What kinds of interior renovations require city permits?

Asked by Adam Singer, Fri Aug 16, 2013

Looking at houses, it seems like there are those that are already redone, or new construction; and then there are houses that are old, but could be renovated to be modern on the inside.

I'd be interested in doing this with a home, but I wonder what kinds of interior renovations require a city permit, and how difficult/costly it is to acquire these permits?

For instance, would knocking down a wall require a permit?

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Lllsmith, Home Buyer, San Francisco, CA
Tue Jul 26, 2016
Will I need a permit to replace my kitchen cabinets. I live in Oakland, Ca.
0 votes
Sam Shueh, , San Jose, CA
Sun Oct 12, 2014
yes, it weakens the structure support. Check City Permit site.
0 votes
Ryan Rudnick, Agent, San Francisco, CA
Thu Aug 21, 2014
Looks like this is a year old, but it's still a relevant question that I've been asked recently - so here's my two cents:

Permits can be pretty easy to get for interior renovations if you aren't replacing or changing the exterior of a building in San Francisco, so long as you aren't in a historic home. If you're renovations are relatively simple (ie: you're not adding on to the house or making any major exterior changes) you'll like get what is called an over the counter permit, which means you will submit plans to the city and get the permits the same day. I would agree with the commenters below that having an architect or contractor go through this process with you is advisable, as they are familiar with the process and will likely make it smoother for you.

Regarding what requires a permit: nearly everything does. Anything involving electrical or plumbing work will require one, and any structural changes (ie: moving walls or knocking one down) would as well. Switching out vanities in bathrooms or cabinets in kitchens would too. Things like installing new appliances, changing out fixtures, painting and the like probably wont need permits though.

You're best bet is to talk to a contractor or architect about what work you want to do. I work with an LLC that renovates homes in the city and have a fair amount of experience with this process, and I'd be happy to recommend a great architect or contractor, or help in any other way I can, with renovations.

Hope this helps!
0 votes
John Oldfield, Agent, San Francisco, CA
Fri Aug 16, 2013
The San Francisco Department of Building Inspection has a brochure that talks about the permit process and includes a list of types of work not requiring a permit. It's a PDF file here:
0 votes
George Wolff,…, Other Pro, San Francisco, CA
Fri Aug 16, 2013
Basically any physical alteration of a building costing more than $600 or so requires a building permit.

Things like painting, carpeting, landscaping etc thus are typically exempt.

Usually you have a licensed contractor or architect apply for the permit for you.They are also very experienced in doing so.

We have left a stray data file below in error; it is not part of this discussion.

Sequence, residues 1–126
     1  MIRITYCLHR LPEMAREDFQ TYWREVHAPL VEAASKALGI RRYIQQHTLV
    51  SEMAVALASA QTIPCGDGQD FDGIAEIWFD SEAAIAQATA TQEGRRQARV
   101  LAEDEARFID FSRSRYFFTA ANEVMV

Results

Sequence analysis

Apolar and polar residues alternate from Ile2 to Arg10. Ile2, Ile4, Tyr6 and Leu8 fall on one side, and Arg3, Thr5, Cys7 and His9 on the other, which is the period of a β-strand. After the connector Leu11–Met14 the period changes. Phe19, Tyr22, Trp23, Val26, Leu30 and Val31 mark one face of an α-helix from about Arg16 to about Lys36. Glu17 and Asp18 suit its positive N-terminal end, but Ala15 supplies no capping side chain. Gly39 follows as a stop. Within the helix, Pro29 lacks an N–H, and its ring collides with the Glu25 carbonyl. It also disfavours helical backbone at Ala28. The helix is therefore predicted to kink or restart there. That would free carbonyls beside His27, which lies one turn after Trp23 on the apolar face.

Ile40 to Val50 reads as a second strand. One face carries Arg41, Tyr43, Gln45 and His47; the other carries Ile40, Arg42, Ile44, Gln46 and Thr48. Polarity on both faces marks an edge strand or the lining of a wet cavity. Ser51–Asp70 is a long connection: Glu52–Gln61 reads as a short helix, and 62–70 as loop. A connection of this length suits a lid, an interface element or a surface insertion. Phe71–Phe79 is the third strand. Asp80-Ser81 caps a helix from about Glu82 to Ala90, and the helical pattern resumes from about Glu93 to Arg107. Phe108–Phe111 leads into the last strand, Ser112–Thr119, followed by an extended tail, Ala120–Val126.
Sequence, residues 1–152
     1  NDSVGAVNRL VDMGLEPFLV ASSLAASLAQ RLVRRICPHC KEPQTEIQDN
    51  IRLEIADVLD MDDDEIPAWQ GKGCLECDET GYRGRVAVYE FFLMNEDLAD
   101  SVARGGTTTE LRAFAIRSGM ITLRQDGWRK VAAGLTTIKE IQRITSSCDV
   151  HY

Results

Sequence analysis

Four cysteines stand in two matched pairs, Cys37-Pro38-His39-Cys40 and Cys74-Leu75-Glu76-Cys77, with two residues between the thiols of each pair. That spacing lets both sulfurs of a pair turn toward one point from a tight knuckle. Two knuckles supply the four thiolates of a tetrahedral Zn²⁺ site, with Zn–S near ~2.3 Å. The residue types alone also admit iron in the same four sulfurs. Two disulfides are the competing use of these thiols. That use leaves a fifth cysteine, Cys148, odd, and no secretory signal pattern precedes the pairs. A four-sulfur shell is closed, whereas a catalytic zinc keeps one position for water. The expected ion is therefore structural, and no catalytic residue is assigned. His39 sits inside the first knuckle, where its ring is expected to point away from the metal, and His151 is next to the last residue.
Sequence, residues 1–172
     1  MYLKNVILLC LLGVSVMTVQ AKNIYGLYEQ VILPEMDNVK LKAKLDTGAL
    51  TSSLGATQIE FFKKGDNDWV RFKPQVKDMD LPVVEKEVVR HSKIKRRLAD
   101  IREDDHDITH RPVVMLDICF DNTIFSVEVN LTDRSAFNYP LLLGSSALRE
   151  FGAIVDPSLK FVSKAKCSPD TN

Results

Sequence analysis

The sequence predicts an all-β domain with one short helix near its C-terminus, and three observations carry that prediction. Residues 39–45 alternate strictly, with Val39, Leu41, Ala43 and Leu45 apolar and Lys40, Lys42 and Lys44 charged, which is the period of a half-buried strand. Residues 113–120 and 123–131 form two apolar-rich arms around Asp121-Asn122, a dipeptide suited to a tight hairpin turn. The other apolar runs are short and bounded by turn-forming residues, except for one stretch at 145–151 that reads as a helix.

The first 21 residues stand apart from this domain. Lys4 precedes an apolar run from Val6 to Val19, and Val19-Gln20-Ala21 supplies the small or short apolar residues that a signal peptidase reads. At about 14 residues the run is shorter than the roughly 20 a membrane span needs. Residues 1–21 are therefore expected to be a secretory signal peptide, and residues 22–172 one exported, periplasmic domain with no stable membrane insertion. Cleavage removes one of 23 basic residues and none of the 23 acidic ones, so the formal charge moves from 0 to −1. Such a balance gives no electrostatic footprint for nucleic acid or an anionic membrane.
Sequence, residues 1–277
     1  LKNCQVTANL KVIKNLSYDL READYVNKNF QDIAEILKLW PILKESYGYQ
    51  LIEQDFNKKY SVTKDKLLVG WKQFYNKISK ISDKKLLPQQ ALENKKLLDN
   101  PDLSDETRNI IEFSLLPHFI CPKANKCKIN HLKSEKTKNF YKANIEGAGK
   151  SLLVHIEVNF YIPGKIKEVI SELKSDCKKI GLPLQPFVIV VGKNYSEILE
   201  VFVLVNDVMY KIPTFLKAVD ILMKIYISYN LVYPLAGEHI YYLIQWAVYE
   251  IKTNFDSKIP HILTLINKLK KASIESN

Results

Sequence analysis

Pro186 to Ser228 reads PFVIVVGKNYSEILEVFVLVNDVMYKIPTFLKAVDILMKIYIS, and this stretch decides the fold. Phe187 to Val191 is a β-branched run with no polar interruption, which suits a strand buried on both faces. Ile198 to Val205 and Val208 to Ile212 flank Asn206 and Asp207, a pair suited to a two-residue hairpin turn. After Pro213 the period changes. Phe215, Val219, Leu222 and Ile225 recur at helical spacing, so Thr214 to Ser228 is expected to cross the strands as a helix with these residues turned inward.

You could also apply for a permit as an "owner-builder" ,but you have to agree to do all the work yourself or either hire licensed subcontractors or workers who are your employees. Usually this is just for very simple projects.

Any structural remodeling, retaining walls over 30" etc require plans from a structural engineer, and on more complicated projects its wise to have an architect prepare plans.

If you do work without permits you have to disclose this when you sell the property, or you could be sued for fraud.

Knocking down a wall definitely requires a permit.

If it is a structural wall or bearing wall, you may need to consult with an engineer to make sure you do not weaken the building structurally.

Always deal with licensed and insured contractors with good reputations, as there are a lot of bad ones out there.

Let us know if you have any further questions on permits, contracts, etc
Web Reference:  http://www.wolfflaw.com
0 votes
Lance King, Agent, San Francisco, CA
Fri Aug 16, 2013

I have done a lot of projects in the city, the most recent being a year long down-to-the-studs renovation, and can help you with that, but it's probably better to do this over a phone call. In the meanwhile, here are the basics:

Any electrical, plumbing, or structural. And there are odd things you wouldn't expect to have to pull a permit for like changing countertops. Also, you need to know that something as simple as changing a countertop can trigger a lot of other things like plumbing and/or electrical upgrades, so you should have a good handle on what you're doing before you talk to the city.

Here's my info:

Lance King/Owner-Managing Broker
King Realty Group

DRE# 01384425
0 votes
I think renovating and remodeling is a good alternative option to moving. Even though it can be expensive it is cheaper than all the costs of moving. I think if you renovate the bathroom and the kitchen you'll be really happy with the results. http://www.newcreationgroup.com.au
Flag Thu Dec 18, 2014
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